Article: LA Tech students break down how supply chains will impact vaccine distribution
As the general public waits for their turn to take the coronavirus vaccine, doses are already being shipped to healthcare workers and older citizens.
In order for the vaccines to be effective, they have to be distributed properly. Bailey Edwards, Louisiana Tech Sustainable Supply Chain Management major, said this is materials can go to waste.
“So with the possibility of someone taking out a dosage or forgetting about it or taking something that they didn’t know that was mislabeled they can cause a lot of waste and it’s going to be very hard to track those mistakes,” Edwards said.
Dr. Kevin Watson, LA Tech Sustainable Supply Chain Management professor, said all of the items needed for the vaccine are being shipped separately. The vaccine, paraphernalia, and the patient all have to be there at the same time. He said this can cause a traffic problem if they aren’t scheduled properly.
Dr. Watson said rural areas also don’t have the capacity to keep the vaccines cold enough to store them.
“It’s going to be very difficult for those people living there to have access to it,” Dr. Watson said. “The government is going to have to determine some way to ship the vaccine into those rural areas in order to make sure that the population can be vaccinated.”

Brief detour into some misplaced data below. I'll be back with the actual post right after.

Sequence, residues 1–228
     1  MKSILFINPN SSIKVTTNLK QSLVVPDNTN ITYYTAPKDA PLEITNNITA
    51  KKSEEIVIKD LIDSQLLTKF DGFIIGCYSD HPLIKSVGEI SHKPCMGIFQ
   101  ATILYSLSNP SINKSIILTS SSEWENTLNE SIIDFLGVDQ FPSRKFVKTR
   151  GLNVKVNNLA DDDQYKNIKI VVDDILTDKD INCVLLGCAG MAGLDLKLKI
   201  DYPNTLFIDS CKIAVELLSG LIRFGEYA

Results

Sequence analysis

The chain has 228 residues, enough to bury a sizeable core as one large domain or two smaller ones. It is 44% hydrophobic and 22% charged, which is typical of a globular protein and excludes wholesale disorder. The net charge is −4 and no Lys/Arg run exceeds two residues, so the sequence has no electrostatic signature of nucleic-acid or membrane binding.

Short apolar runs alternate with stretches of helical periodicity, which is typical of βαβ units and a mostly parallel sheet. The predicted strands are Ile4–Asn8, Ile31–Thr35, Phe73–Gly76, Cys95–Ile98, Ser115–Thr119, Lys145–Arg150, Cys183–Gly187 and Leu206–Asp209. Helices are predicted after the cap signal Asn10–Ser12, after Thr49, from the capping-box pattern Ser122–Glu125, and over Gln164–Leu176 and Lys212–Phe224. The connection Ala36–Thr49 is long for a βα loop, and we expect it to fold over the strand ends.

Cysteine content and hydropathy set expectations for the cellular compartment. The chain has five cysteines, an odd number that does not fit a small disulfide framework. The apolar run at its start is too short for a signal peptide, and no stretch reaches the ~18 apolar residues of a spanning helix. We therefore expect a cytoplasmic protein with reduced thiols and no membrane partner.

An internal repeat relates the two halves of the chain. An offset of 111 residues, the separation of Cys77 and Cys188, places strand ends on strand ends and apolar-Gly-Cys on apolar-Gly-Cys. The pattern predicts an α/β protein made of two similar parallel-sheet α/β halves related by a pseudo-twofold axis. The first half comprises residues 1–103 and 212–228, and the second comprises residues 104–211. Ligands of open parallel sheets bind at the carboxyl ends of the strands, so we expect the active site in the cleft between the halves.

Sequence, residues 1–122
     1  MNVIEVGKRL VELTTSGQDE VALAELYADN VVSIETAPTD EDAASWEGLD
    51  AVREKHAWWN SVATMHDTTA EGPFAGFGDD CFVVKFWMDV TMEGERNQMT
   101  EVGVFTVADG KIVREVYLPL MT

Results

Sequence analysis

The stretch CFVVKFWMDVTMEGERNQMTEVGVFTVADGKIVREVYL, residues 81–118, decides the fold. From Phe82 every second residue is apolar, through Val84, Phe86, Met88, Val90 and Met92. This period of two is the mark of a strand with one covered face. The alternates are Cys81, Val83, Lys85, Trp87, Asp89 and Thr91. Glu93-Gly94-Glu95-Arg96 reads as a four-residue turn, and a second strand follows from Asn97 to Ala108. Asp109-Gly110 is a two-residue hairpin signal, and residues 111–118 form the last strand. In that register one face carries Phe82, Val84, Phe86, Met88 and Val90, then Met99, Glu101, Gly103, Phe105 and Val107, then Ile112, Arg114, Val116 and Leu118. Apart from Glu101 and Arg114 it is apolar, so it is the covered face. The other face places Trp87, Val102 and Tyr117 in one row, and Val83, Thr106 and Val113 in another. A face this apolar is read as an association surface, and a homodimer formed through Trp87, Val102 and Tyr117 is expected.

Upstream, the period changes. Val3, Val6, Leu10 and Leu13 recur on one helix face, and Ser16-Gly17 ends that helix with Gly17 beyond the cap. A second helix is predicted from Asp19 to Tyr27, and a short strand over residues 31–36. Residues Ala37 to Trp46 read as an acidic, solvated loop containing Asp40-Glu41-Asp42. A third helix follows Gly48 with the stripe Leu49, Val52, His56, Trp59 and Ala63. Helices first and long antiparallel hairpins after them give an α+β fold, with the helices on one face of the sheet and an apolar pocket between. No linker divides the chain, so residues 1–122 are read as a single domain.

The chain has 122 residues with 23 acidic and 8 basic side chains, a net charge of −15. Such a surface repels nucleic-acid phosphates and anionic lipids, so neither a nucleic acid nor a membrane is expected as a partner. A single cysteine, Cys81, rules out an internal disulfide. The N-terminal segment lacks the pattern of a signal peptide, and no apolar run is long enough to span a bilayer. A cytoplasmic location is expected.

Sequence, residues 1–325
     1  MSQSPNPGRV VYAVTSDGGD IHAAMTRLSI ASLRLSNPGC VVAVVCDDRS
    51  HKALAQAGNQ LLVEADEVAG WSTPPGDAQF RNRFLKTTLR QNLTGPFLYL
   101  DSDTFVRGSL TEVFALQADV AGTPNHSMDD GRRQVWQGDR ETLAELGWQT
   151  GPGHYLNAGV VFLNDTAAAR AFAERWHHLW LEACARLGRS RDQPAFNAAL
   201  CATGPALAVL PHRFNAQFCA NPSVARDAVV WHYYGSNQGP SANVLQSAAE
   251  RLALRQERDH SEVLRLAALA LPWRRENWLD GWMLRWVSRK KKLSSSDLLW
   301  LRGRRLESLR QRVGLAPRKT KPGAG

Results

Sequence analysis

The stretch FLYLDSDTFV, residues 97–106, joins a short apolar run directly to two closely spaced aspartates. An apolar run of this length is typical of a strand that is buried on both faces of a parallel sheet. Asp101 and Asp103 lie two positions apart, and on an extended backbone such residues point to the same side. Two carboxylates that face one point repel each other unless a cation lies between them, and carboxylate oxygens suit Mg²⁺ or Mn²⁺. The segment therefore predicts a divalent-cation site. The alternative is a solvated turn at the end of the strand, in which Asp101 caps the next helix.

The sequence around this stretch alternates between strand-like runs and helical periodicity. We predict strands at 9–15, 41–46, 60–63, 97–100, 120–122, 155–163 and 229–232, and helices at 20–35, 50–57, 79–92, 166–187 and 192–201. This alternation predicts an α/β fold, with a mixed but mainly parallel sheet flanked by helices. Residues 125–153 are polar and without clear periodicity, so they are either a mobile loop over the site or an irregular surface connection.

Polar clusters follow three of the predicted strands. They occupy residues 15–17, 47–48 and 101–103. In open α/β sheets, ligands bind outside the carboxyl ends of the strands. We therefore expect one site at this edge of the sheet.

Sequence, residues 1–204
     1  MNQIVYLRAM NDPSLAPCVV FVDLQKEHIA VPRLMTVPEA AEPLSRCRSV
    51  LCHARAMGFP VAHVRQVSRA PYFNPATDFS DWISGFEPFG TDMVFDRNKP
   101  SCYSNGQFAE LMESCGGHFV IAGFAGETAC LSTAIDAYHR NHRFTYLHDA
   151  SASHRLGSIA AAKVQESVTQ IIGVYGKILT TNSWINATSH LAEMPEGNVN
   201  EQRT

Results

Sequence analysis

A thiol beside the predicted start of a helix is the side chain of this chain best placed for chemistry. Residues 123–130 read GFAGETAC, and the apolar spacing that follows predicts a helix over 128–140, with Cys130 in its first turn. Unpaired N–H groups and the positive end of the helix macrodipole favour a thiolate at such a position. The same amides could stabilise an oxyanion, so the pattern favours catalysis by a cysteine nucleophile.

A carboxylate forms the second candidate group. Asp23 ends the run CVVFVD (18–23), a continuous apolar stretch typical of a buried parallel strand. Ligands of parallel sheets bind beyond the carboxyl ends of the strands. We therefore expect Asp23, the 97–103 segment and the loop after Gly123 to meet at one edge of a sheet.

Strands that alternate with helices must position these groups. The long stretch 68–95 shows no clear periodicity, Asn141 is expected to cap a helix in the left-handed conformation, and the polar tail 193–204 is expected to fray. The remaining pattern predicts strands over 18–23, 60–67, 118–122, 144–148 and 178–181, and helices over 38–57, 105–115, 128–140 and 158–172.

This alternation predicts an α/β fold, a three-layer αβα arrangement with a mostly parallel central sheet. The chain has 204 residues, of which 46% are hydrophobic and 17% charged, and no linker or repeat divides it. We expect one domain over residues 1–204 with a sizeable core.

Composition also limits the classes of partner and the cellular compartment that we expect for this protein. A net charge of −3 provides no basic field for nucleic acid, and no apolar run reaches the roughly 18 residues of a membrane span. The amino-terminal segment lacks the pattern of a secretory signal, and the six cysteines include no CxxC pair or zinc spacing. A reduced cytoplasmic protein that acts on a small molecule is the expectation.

Students said there is a positive side for companies. John Spence said through the vaccine distribution, companies can create a competitive advantage by implementing a sustainable supply chain to keep up with the demand.
“It’s going to be something hard to do because realistically we have never done this before,” Spence said. “The only way that they can really control and keep up with demand is by hiring more workers, so as they fall due to COVID and getting positive tests and things like that they have people to fill in their place.”
John Garrett Smith said he believes this is the largest humanitarian crisis the world has seen because of the way it’s being handled logistically.
“Everybody in the world needs this stuff right now and just how other countries have handles this just isn’t working,” Smith said. “I realistically see this ending probably early 2022 just because we don’t have the capacity to produce the vaccines to get out there.”
Dr. Watson said another thing to keep in mind is the dry ice shortage. He said while it’s being prioritized for the vaccines, this will also effect other things that need dry ice to be transported, like cheese or even flowers for Valentine’s Day.